Thursday, 8 February 2007
India, part 1
Here we are with a teaser of what we've seen so far, give me some time and there will be much more to come...
It's odd, looking out the large picture window... covered in bars as is any window that opens around here... and watching the children playing in the dust with their homemade cricket equipment. These are just the children who are living at the orphanage. They are so content with just the simple things of life. They have almost no control over their lives, other than the effort they decide to put into schoolwork and the attitude they take about things. Their lives are for the most part controlled for them. And while here we find ourselves very much in the same place, we have to follow the schedule we are given, and are expected to change our plans with a moment's notice, no explainations. It can be easy to become bitter or to decide to refuse the requests made of us. At the same time, it is very much a learning process about just how independant we are. Learning to accept direction and develop new habits that involve a lot of discipline. Learning to serve and let ourselves be served.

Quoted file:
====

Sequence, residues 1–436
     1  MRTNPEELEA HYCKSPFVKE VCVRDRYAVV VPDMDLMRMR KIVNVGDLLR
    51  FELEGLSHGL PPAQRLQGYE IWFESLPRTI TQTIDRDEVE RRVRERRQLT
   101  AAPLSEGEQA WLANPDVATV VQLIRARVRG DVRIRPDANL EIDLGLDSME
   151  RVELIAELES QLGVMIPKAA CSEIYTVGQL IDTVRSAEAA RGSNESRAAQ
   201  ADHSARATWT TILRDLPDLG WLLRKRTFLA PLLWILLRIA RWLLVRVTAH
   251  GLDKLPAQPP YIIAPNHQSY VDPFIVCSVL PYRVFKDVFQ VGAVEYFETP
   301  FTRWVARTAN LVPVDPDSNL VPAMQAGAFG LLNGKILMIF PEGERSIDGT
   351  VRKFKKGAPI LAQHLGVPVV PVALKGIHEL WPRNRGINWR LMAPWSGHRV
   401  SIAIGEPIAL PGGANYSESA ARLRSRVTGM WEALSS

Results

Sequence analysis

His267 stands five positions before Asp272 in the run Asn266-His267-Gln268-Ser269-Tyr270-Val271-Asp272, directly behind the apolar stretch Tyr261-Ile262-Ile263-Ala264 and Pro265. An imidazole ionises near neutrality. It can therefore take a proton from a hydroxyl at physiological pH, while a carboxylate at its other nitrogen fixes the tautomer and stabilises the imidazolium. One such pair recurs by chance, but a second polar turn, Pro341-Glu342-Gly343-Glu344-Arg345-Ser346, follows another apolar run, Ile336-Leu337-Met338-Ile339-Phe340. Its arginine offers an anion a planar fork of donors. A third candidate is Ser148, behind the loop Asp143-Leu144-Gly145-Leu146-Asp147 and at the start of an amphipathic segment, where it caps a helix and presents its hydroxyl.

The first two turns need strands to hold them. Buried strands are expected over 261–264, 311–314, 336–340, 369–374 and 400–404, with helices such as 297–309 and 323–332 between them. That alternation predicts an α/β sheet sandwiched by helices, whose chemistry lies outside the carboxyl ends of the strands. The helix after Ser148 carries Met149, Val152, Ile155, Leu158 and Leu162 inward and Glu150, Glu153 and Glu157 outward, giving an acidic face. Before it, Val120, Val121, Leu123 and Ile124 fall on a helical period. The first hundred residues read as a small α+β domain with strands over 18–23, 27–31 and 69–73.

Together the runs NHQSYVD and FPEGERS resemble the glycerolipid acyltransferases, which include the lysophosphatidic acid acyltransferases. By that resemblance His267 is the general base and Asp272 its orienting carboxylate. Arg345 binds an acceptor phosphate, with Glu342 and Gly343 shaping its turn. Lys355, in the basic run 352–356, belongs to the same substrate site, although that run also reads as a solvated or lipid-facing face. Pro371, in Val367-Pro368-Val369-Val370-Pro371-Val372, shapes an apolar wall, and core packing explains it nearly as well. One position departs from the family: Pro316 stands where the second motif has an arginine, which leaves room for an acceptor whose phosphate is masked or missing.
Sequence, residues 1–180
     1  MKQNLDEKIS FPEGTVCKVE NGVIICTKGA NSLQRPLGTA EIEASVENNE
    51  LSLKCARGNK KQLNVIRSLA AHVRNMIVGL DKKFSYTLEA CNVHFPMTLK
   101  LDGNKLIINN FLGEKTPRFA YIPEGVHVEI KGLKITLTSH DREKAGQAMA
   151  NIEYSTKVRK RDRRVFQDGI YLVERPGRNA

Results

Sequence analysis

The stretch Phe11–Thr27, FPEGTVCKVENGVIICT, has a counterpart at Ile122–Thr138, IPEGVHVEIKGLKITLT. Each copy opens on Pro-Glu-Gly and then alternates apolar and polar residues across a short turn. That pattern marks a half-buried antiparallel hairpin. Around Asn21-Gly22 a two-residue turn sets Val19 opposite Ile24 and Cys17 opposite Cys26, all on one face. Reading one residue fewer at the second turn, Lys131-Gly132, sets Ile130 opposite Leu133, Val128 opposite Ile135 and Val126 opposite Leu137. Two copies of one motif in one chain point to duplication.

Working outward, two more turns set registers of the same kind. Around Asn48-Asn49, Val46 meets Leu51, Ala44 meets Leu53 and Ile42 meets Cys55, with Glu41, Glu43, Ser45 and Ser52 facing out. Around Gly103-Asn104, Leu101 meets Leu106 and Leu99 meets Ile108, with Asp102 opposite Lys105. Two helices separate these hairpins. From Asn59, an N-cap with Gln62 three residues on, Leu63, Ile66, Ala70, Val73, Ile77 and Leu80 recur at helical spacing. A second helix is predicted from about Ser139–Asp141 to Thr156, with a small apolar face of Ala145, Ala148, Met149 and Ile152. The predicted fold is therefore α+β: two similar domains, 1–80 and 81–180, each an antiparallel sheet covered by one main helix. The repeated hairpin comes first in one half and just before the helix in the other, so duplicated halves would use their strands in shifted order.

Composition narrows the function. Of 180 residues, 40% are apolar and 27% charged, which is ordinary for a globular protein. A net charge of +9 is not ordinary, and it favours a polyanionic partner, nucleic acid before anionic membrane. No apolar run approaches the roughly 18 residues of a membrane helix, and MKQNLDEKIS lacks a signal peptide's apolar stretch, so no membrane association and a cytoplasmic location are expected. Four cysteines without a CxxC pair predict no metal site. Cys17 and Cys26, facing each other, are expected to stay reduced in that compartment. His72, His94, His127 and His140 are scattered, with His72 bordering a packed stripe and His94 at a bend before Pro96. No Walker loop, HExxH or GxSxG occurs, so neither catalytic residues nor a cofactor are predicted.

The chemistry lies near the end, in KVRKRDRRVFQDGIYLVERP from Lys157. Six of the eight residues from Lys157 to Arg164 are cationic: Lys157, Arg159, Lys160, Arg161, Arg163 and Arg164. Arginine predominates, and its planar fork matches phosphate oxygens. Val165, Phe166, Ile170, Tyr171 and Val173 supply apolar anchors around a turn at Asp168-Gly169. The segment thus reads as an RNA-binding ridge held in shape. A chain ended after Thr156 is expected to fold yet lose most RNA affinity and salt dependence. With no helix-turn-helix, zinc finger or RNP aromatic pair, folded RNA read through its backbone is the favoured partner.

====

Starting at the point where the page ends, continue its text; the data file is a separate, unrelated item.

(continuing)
Wanna hear some nasty facts of life around here? Beef... doesn't exist, and if they tell you that's what it is, you'd better hope it's water buffalo. Though, really, if you watch the water buffalo, or the cows for that matter, as they roam at will through the streets, eating garbage, climbing into garbage bins, wading through the black water (please don't make me explain the sewage system, it's bad enough having it running by), you might be leary to eat any meat. The pigs go wading and wallowing in the black water, and are very much despised and avoided around here. The goats wander as well, but seem to stick to the brush at least a bit more than the cows. Roosters etc can be seen in front of random dwellings. Dogs are everywhere, and you need one to protect your home and keep away stray dogs or theives. Cats are random, you really need to search for them. These are the main animals wandering the roads at will. The dust by the roadside is a paler brown than the red dirt you see in the gardens. This dust gets everywhere, especially as the vehicles kick it up and the powerful ocean breeze whips through the valley. The dust, as far as we can tell, is made up mostly of decomposed dung of all the aforementioned animals. Needless to say, we scrub our feet every night before bed.